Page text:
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Regina Leader-Post (Saskatchewan) Energy growth won’t weaken

By DEREK SANKEY for CanWest News ServiceCalgary Herald
Saturday 13 January 2007

CALGARY— After a record year of growth and energy prices, oil and gas companies say an anticipated moderation in the pace of activity in 2007 will only give them an opportunity to focus on hiring more workers to catch up to pent-up demand.

“We have a structural problem,” says David Fulton, vice-president of human resources at Shell Canada Ltd. “I do not think the shortage is going to go away any time soon, and that was one of the big debates 18 months ago.”

The industry has been so overwhelmed by the incredible need for everything from oilfield service technicians to geophysicists and engineers that any slight moderation in activity will simply allow the industry to catch its collective breath and continue the hiring frenzy.

“It’s hot all over,” says Fulton. “There are very few cold skills, or even lukewarm ones anymore.”

Part of the “structural problem” stems from the fact that the industry is so cyclical in nature that during the 1980s and ’90s, companies discouraged people from entering fields such as project management.

Now, project managers with 15 or 20 years of experience are among the most highly sought-after occupations in the oilpatch, he says.

Couple the past reactionary hiring policies of many energy companies with today’s demographic crunch — most baby boomers will retire within five years — and the result is a long-term labour shortage that is forcing companies to use every available workforce development tool.

Because the energy sector is a highly capital-intensive industry, “we have never paid attention to labour costs in the same way that big manufacturing industries would,” says Fulton. “Our industry is going to have to look hard at what some of these other industries do and see what we can copy and build into our own industry.”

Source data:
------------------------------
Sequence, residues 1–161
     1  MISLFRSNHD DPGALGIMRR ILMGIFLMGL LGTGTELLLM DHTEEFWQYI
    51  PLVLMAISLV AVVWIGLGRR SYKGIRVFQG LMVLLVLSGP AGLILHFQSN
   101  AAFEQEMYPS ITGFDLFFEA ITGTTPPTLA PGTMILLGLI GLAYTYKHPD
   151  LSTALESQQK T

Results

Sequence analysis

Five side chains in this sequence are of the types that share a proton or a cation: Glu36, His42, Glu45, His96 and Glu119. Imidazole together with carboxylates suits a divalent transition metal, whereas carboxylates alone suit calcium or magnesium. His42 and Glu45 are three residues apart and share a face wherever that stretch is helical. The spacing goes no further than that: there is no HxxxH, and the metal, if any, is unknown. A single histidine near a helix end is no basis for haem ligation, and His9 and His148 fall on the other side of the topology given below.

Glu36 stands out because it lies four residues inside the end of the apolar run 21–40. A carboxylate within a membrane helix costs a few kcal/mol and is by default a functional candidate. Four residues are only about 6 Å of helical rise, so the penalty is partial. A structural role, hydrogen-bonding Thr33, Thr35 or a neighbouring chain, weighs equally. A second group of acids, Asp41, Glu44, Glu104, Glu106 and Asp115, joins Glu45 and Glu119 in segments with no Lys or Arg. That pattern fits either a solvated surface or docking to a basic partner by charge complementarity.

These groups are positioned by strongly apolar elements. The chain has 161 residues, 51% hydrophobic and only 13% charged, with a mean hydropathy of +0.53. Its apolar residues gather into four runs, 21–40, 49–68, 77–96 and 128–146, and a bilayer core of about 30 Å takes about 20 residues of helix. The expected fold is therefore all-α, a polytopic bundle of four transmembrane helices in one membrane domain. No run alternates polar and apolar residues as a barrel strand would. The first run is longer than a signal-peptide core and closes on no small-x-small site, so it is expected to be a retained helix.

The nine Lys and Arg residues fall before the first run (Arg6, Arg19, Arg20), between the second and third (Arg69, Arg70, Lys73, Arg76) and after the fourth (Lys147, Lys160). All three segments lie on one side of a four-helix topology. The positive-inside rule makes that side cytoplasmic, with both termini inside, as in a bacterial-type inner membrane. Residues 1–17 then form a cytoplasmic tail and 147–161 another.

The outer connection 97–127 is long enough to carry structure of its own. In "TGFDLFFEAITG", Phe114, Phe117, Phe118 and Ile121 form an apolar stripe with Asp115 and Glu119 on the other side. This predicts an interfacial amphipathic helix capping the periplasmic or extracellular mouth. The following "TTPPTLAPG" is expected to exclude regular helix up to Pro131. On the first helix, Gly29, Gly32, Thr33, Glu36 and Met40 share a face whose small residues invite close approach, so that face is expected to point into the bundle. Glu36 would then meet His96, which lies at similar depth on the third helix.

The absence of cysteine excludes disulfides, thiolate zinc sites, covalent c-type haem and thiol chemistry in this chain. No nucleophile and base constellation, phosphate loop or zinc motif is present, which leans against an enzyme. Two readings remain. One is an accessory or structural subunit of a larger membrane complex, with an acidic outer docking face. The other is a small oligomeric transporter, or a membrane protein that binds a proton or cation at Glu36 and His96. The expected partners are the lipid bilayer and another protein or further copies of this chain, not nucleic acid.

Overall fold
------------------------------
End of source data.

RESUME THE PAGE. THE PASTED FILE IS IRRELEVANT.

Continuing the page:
Suncor Energy, which directly employs more than 5,000 workers and thousands of other contractors indirectly, has massive investments already on the books, such as the oilsands, that any moderation won’t affect the hiring outlook.

“We’re trying to project our (labour) needs much further in advance and looking everywhere where those talented people can be found. We will provide employment for upwards of 12,000 contractors at any given point in time over the next five years,” says Don Heath, vicepresident of human resources for Suncor, adding the level of competition in the industry has forced companies to be as creative in their efforts as possible.

Most big oil companies are already working closely with post-secondary institutions to help increase the new graduate labour pool. Suncor president and chief executive Rick George, for example, sits on NAIT’s capital committee with the ambition of doubling the size of the Edmonton institute.

Similar relationships are underway with SAIT in Calgary and all three publicly-funded universities in the province.

Hiring certainly doesn’t stop at the provincial border, though. Companies routinely recruit workers from Eastern Canada, while some of the firms’ contractors have brought in foreign temporary workers as part of the labour solution.

Heath says the increased demand for workers in all fields of the sector is no longer a trend. “I think they’re probably less trends than they are the new reality.”

In the oilfield supply side of the business, Ron Koper, vice-president of business effectiveness for oilfield supply and service company CE Franklin, says even though he’s planning for a 20 per cent slowdown in the marketplace this year, it won’t affect hiring efforts or the overall job outlook.

“We’re anticipating increased competition for labour, not decreased,” says Koper, adding any slowdown will likely only last about eight months before activity picks up again.

Industry associations are also working on solutions to the massive job demand. The Petroleum Human Resources Council of Canada — a federal sector council based in Calgary — has struck up a deal with the government of Saskatchewan to build the overall labour pool in Western Canada.

“Governments are interested in ensuring business opportunities that come to their provinces don’t leave it because they’re not able to support those business opportunities with a skilled workforce,” says Cheryl Knight, president and executive director of the sector council.

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